Computer Software

This week, computer software is what I'm reading and thinking about.  Instructional computer software is yet another beneficial technology that teachers can use as a valuable resource in their classrooms.  Computer software comes in many different types.  These types of software differ in the manner in which they deliver skills and in the manner in which the user manipulates the software.  The most popular types that are used in educational settings are: drill and practice, tutorial, simulation, instructional games, problem solving, and integrated learning systems.  There are needs for each of these in the classroom.  However, before a teacher chooses a software, he/she should first identify the students' needs and then go from there.  The software will only be effective if it is what the students' need. 
Drill and Practice:  The Quarter Mile Math encourages students to solve math problems quickly in order to increase fact fluency.  In answering math facts quickly, students can put the facts to memory.  The format is set up in a way that motivates children as they work independently.  The motivation comes from fun images that provide positive reinforcement for the children.  The skills progress as the students move through the program.  It's used by parents who home school and by teachers.  In my classroom, I would use it as an intervention tool for those who need extra exposure to addition and subtraction facts.  It could also be beneficial for helping all students put addition and subtraction facts to memory.

Tutorial: Math Tutor Educational Software is designed for students who are learning a mathematical concept for the first time or it can be used as a review of a previously taught skill.  It allows students to work at their own pace.  This software keeps the students' attention with fascinating graphics.  In my classroom, I would use it as an intervention or as a way to advance students in math.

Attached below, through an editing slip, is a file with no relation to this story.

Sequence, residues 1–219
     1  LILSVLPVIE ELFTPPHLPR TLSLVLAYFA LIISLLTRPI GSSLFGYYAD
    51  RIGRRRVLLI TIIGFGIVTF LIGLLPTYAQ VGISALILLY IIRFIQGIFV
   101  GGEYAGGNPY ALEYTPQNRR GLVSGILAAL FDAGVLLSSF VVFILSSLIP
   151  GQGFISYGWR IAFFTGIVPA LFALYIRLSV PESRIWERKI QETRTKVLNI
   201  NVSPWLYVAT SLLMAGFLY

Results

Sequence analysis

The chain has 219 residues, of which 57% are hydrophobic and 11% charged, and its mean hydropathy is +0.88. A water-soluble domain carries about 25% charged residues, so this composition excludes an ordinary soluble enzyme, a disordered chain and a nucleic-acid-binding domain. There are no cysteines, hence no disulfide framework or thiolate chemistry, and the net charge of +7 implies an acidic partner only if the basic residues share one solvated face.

Simulation: Solar System 3D Simulator shows an accurate model of the solar system.  It also shows the planets, sun, and moon in three-dimensional form.  The model can be used for many science applications including demonstrations, experiments, projects, etc.  In my classroom, I would love to incorporate this software into a unit on the solar system.  What better way to learn about the solar system than to experience it in a realistic way such as this!
Instructional Games: JumpStart Phonics-Read & Rhyme  provides teachers with a fun, colorful way to immerse their young readers in phonics instruction.  The software allows the students to practice all of the aspects of phonics (long and short vowel sounds, beginning and ending consonants, diagraphs, blends, and letter and word recognition skills) that are taught in most first grade classrooms.  In my classroom, I would encourage all of my students to participate in this program in center rotations.